The Cold War
By the early 1900s, there was growing frustration among Latin America’s landless and poor populations. People were frustrated with the increasing concentration of wealth and political power in the hands of the ruling class. They were frustrated by the lack of democracy in the region, and by increasing U.S. influence. Many began to embrace a communist philosophy.
Unfortunately for many would-be communist revolutionaries of the early 1900s, they had little chance of overthrowing the authoritarian governments that controlled the region. These governments were usually either dictatorships or one-party “democracies.” They were supportive of, and supported by, foreign corporations and Latin America’s wealthy. These authoritarian regimes were propped up by large militaries with huge budgets, often subsidized by the United States.
Everything changed with the dawn of the Cold War. Now, communist revolutionaries in Latin America had a significant benefactor. The Soviet Union was willing to finance and arm insurgencies throughout the region. Conflicts between American-backed governments and Soviet-backed rebels flared in Argentina, Bolivia, Brazil, Chile, Colombia, the Dominican Republic, El Salvador, Grenada, Guatemala, Nicaragua, Panama, and Peru. The United States was generally on the winning side of this Cold War chess match. Only two communist revolutions were successful – in Cuba in 1959, and Nicaragua in 1979.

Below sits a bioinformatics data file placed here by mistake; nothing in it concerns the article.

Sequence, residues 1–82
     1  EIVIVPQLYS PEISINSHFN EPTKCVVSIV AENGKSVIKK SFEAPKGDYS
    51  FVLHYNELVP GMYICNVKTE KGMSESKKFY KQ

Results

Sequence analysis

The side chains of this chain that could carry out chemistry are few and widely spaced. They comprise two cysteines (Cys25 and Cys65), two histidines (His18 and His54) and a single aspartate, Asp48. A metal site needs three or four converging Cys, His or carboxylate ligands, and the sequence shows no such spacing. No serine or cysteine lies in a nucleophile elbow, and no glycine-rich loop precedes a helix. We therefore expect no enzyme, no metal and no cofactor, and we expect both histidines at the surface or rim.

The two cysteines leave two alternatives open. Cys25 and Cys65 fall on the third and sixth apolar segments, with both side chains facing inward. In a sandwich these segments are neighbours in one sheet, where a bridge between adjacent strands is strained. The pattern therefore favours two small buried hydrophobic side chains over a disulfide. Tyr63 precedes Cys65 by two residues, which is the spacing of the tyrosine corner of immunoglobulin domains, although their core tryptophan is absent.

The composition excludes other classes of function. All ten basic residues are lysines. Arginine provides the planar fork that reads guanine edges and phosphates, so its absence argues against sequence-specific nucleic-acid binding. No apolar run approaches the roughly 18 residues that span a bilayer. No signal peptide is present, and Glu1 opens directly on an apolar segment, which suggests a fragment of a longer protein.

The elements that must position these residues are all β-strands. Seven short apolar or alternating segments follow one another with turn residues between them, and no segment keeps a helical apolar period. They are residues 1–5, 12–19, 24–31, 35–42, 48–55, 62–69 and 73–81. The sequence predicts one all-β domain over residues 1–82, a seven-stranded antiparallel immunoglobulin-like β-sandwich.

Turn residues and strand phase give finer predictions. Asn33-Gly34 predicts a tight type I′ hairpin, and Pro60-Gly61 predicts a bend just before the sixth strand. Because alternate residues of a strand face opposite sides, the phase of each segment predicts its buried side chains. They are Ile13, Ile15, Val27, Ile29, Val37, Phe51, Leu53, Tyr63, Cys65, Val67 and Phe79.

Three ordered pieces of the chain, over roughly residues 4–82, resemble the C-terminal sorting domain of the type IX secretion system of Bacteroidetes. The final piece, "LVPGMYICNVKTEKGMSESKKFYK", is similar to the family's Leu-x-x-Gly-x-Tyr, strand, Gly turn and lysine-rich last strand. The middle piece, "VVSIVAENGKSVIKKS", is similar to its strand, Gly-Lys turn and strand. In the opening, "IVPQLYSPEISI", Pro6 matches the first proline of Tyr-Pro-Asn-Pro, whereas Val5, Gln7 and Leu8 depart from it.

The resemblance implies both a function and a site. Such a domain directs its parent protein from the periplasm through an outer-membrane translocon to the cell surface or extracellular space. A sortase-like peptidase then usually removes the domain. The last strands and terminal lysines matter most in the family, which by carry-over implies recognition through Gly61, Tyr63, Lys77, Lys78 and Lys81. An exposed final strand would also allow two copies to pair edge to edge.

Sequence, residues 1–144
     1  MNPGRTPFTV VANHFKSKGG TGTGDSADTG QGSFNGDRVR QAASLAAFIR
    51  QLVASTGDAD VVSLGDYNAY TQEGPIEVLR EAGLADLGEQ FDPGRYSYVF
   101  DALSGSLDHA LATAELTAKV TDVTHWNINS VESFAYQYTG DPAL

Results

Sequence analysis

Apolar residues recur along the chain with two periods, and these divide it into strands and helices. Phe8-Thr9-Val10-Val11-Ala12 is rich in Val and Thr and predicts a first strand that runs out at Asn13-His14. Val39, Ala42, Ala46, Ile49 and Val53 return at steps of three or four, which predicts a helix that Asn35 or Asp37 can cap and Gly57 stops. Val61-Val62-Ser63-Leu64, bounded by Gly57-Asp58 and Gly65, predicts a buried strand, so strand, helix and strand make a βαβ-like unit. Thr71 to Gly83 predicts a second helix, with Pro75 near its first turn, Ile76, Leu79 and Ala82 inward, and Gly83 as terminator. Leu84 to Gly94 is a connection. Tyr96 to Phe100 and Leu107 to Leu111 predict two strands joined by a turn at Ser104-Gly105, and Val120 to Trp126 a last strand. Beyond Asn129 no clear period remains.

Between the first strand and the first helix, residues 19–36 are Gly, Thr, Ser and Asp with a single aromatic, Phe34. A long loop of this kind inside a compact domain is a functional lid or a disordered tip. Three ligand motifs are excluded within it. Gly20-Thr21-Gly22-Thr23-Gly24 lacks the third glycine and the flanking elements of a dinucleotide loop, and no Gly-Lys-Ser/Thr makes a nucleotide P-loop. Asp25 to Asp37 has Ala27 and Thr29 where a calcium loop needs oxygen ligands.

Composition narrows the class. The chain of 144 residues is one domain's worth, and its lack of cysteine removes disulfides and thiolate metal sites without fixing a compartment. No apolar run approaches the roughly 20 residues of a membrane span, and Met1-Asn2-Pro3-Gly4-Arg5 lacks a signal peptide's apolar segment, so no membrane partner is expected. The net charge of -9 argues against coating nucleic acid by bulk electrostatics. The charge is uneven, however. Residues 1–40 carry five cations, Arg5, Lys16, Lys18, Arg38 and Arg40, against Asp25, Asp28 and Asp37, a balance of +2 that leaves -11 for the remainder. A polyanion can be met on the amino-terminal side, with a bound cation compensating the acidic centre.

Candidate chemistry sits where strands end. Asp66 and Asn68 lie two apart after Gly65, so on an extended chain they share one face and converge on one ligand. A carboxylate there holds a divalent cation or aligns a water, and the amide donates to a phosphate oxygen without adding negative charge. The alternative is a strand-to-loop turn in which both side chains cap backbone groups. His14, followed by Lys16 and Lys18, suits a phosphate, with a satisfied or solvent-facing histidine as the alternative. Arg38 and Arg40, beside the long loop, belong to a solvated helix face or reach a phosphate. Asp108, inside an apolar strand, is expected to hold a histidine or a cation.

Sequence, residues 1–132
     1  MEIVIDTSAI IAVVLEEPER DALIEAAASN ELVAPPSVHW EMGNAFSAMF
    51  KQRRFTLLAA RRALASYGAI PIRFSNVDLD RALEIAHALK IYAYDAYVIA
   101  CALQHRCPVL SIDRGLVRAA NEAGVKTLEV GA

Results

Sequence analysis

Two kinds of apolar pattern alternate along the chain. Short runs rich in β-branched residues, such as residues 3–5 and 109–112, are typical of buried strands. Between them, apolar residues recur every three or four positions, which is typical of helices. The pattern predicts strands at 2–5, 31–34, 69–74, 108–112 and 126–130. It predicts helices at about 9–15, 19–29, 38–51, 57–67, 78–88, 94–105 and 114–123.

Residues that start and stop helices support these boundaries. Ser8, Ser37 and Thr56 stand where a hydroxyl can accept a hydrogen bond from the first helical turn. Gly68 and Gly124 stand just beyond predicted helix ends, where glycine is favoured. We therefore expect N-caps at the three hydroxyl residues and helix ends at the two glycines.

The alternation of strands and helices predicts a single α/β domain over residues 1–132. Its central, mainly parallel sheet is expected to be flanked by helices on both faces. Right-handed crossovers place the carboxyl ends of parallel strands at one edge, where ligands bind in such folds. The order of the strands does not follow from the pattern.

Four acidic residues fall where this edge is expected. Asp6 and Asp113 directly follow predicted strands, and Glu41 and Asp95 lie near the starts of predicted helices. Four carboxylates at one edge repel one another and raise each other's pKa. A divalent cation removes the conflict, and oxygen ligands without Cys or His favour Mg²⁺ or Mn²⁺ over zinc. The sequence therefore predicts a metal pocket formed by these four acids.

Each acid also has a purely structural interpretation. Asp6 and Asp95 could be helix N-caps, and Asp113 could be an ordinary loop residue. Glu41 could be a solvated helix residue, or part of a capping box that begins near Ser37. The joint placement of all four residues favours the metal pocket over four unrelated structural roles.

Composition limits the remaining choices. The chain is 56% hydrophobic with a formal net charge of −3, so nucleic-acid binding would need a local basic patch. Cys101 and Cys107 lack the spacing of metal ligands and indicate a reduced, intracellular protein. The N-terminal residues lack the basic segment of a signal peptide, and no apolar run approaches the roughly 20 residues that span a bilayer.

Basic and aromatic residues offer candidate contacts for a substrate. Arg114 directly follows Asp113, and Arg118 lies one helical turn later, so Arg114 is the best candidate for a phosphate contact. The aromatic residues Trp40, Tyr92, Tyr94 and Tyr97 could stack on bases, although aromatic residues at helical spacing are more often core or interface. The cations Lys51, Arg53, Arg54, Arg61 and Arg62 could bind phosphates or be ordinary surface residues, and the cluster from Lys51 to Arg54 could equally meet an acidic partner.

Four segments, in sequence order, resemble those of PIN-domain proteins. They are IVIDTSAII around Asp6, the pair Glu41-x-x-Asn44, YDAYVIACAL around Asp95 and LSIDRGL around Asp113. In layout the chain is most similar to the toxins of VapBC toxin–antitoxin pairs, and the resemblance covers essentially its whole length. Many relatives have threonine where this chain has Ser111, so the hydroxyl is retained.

The United States’ success in curbing communist expansion in Latin America came at a cost. During the Cold War, the United States adhered to what is sometimes called the “Our Dictator” philosophy. The thought was that the United States should support anti-communist dictators, because if it didn’t support “our dictator,” he would be replaced by “their dictator” – a ruler loyal to the Soviet Union.
The United States did indeed support a rogue’s gallery of dictators in Latin America. Some particularly notorious examples include Augusto Pinochet of Chile, Manuel Noriega of Panama, and the Somoza regime of Nicaragua. Pinochet came to power in a 1974 military coup that was orchestrated by the United States. He then ruled the country until 1990, killing thousands of political opponents, and torturing tens of thousands more. Manuel Noriega was an anti-communist intelligence officer trained by the United States. He ruled Panama with U.S. support in the 1980s, and had a very shady human rights record. His regime ended in 1989, when he was indicted by the United States on drug trafficking charges, and removed from power by a U.S. invasion. The Somoza family and their allies ruled Nicaragua for forty-three years, torturing and murdering political opponents, silencing the media, and violating human rights. But they were ardently anti-communist, so they were supported by the United States.